Here’s the thing: there are several LGBT book publishing categories available to authors and publishers now, but none of them refer specifically to aces.
The categories are used by distributors and retailers to ensure that books are shelved appropriately. The idea is that a cookery book on “How to fry an egg” won’t turn up in the “How to keep poultry” section. There are two main lists. One is produced by BISG, the Book Industry Study Group. It’s called BISAC. The other is produced by BIC, short for Book Industry Communications. It’s called Thema. The lists aren’t static. For example, in 2018, two new LGBT categories were added to the BISAC options, one applying to books with a bisexual focus, and one to books that are trans in focus. But where does that leave aces? Where does that leave my stories and me?
The protagonists in my latest tale, Ace in the Picture, are, as always, four gay, polyamorous men who are (a) involved in fighting crime and (b) working out the intricacies of their relationship. I could dip into a variety of current fiction categories to describe the genres. For example, BISAC offers both LGBT/Gay and Mystery and Detective. Thema offers an interest qualifier relating to Gay People.
But, but, but… this time, there’s an important secondary character, a detective sergeant called Nick Seabrooke. Nick is asexual. According to BISAC, the queer alphabet stops at the T of LGBT. There isn’t even a “+” or a “Q”. So, in the BISAC publishing world, Nick Seabrooke, asexual detective, doesn’t exist. Thema does offer up a Q added to LGBT, but there’s nothing specifically ace. I’m doing Nick, and asexuality, a disservice if I allocate these codes to my book and assume that they cover him too.
As there are no specifically ace categories, there is nowhere to promote an increased awareness of what one type of asexuality might look like. (One type: I know that there are many types of ace.) This seems wrong to me.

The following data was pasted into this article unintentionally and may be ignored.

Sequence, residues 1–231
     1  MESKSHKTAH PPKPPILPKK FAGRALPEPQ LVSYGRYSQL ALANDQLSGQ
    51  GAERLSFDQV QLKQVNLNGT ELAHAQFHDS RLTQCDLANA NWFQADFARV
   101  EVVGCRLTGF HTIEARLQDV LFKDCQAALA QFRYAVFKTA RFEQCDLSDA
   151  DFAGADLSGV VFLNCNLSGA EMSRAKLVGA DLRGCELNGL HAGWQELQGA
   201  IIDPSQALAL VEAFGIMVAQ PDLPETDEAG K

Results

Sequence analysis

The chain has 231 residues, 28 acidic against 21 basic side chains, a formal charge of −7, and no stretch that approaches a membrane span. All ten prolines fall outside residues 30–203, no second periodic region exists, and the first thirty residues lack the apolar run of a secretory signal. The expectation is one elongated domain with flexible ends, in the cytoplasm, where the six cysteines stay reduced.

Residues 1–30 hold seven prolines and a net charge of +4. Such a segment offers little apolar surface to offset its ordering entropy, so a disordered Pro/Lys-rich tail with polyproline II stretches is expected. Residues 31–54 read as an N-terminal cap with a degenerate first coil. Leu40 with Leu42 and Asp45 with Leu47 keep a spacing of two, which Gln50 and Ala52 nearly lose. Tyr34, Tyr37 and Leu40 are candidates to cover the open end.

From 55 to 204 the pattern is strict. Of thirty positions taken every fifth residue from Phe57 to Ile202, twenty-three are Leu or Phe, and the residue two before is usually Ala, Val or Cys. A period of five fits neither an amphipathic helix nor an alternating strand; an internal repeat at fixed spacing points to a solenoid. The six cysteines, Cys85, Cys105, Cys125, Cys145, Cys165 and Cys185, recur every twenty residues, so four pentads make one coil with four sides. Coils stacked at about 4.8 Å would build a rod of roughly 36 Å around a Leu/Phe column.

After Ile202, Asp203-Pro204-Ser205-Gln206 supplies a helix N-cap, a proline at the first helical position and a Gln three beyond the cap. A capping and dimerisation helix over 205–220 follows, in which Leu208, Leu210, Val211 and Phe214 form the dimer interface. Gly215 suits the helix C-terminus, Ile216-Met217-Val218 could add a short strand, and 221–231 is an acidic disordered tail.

I’m trying to do my bit. I contacted the Book Industry Study Group, explained what I saw as a problem, and asked them to consider including an asexual BISAC coding in 2020. I had a quick response. I was sent a form to complete with a request to submit information about relevant titles, publishers and ISBNs. I posted a request on AVEN, the Asexuality Visibility and Education Network, seeking suggestions. (I’ll be honest: I like to write but I’m not an avid fiction reader so I needed some help. A big thank you to the people who responded.) I’ve also written to BIC (awaiting a response) and to anyone else I can think of who might help or be able to suggest a contact. (I’m seriously lacking contacts in the publishing world.)
Any future changes will be too late for me, though: I’m hoping to publish early next Spring. Meanwhile… I’m not going to rely on the LGBT codes for the new book. I might not even use them, and opt for “Love and Relationships” (and “Mystery and Detective” ) instead, placing words like “asexual” into the keyword sections of the metadata that goes to distributors. How distributors use metadata… that’s another (very moany) story.
Any other ideas, do please tell me.
Ace in the Picture will be self-published via Rowanvale Books, hopefully on 31st March, 2019 http://www.rowanvalebooks.com